Culture Making - a review
Andy Crouch’s award-winning book, Culture Making: Rediscovering Our Creative Calling, examines what a Christian posture towards human culture should look like. Part sociological work, part biblical theology and part manifesto, Crouch encourages his readers not to be satisfied with merely condemning, critiquing, copying or consuming culture, but to play their own part in creating and cultivating cultural artefacts that will promote human flourishing and care for the world as part of their Christian calling.
To get us there, Crouch must first undo some wrong potential missteps. One is to have too simple an understanding of ‘culture’. If we confuse ‘culture’ either with ‘high culture’ (opera, ballet and classical music) or think more generally of ‘culture’ as being an amorphous and homogenous entity (an error some Christians fall into when they talk about ‘engaging the culture’), we are likely to mishear the Bible and become apathetic or frustrated in our attempts to engage with culture.
Crouch’s working definition of culture is ‘what we make of the world’ (23), in both senses of the world ‘make’: both ‘the human effort to take the world as it’s given to us and make something else’ (23) and in the sense of interpretation (‘what do you make of it?’). These two senses are intertwined: ‘we make sense of the world by making something of the world’ (24). In other words, our place in the world influences our perspective on the world, which in turn influences what we choose to make of it. Crouch illustrates with a number of examples, showing, for example, how high speed roads have changed our experiences of being in the world and what we hope for.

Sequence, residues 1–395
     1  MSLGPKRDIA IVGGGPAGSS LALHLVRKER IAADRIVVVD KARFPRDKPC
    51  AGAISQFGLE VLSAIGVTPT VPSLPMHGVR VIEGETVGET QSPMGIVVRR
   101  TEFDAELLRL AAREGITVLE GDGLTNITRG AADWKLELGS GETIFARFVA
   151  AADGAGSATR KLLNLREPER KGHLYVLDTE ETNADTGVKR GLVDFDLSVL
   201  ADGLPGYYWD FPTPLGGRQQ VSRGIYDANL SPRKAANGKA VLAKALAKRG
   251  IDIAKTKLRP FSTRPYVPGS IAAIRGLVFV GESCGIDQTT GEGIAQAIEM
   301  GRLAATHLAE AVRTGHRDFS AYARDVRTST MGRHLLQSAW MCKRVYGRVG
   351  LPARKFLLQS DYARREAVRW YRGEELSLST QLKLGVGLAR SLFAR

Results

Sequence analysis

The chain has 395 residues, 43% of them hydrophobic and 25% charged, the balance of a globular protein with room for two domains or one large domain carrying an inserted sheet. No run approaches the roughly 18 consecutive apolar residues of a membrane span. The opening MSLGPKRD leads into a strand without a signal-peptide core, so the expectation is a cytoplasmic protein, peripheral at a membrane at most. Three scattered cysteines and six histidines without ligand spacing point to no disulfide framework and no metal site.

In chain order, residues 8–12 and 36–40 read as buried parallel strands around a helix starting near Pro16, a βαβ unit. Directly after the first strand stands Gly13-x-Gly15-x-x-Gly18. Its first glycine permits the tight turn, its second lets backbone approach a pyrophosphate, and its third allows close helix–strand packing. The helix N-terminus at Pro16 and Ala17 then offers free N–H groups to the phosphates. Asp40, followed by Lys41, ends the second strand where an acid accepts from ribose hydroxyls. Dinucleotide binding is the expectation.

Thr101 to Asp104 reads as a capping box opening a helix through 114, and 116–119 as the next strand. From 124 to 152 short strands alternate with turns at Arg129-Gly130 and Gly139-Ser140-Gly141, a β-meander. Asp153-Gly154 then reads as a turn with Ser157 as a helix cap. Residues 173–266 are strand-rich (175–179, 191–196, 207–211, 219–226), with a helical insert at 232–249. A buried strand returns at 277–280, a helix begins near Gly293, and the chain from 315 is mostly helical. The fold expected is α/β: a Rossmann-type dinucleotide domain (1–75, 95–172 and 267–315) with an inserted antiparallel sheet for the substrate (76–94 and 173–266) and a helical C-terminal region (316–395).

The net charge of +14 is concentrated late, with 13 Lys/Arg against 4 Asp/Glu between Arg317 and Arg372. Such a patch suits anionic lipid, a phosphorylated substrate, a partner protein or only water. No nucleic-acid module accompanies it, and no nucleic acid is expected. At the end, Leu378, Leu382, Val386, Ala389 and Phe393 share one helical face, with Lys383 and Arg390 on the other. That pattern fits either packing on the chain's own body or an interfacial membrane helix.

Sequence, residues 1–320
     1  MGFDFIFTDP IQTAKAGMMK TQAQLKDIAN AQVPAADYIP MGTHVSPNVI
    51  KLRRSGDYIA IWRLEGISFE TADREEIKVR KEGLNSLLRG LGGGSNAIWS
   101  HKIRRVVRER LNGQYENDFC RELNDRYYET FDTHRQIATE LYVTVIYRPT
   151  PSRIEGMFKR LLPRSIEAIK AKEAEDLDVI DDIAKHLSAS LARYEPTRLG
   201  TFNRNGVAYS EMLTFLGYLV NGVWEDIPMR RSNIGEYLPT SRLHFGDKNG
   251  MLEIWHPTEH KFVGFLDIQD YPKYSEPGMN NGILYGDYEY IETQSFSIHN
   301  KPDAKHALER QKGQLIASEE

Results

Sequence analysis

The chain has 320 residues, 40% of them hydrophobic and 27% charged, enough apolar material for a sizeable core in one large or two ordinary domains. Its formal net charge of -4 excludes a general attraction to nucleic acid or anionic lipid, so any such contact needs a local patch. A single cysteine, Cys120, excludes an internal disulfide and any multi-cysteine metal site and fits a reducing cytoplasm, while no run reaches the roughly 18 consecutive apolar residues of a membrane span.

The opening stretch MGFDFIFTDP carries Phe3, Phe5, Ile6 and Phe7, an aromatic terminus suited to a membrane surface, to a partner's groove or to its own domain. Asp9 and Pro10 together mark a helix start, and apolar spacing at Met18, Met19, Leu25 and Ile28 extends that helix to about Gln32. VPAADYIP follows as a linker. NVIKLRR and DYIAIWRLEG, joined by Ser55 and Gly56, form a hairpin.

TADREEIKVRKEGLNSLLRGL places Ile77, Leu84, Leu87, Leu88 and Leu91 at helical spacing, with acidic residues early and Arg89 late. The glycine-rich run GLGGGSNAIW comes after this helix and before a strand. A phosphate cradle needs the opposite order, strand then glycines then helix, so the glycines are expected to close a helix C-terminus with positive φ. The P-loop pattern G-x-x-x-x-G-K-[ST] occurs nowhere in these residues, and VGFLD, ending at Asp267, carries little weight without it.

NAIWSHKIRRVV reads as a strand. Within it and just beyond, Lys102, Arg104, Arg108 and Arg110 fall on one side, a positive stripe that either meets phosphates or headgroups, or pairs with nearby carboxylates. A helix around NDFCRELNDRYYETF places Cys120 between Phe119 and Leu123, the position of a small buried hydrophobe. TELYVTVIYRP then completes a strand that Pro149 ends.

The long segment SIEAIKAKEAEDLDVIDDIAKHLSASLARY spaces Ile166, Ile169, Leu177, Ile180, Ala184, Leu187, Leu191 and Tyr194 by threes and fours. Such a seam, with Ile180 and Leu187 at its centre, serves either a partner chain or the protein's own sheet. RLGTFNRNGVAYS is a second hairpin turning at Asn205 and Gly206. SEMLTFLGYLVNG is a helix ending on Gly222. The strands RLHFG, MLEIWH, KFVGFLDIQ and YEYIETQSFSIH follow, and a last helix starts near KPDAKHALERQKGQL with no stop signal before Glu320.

What is ‘culture’?
Crouch’s definition of culture allows him to establish a number of things. Firstly, there is ‘no withdrawing from culture’ (36) – it is impossible to exist outside of pre-existing ways that humans have ‘made’ things of the world. Secondly, we must hold a more nuanced view of culture than we often tend to adopt. ‘Culture’ simply does not exist in the abstract:
The only meaningful use of the phrase “the culture” is embedded in a longer phrase: the culture of a particular sphere, at a particular scale, for a particular people or public (ethnicity), at a particular time (60).
‘Culture’ simply does not exist in the abstract
A third implication follows: that while cultures are inevitably constantly changing, widespread and long-lasting impact can only be secured over time and with a lot of work. What appear as dramatic changes are in fact part of longer processes, ‘earthquakes’ brought about by the imperceptible shifts of underlying tectonic plates.
The only viable source of change
For Christians, then, Crouch cautions that cultural change will probably not be brought by revival, silver bullet or a particularly charismatic individual. Nor will it be brought about by primarily passive stances towards the cultures of which we are a part. Instead it will be through positively contributing to culture – indeed, ‘creativity is the only viable source of change’ (73).
Christians cannot see culture as peripheral to the gospel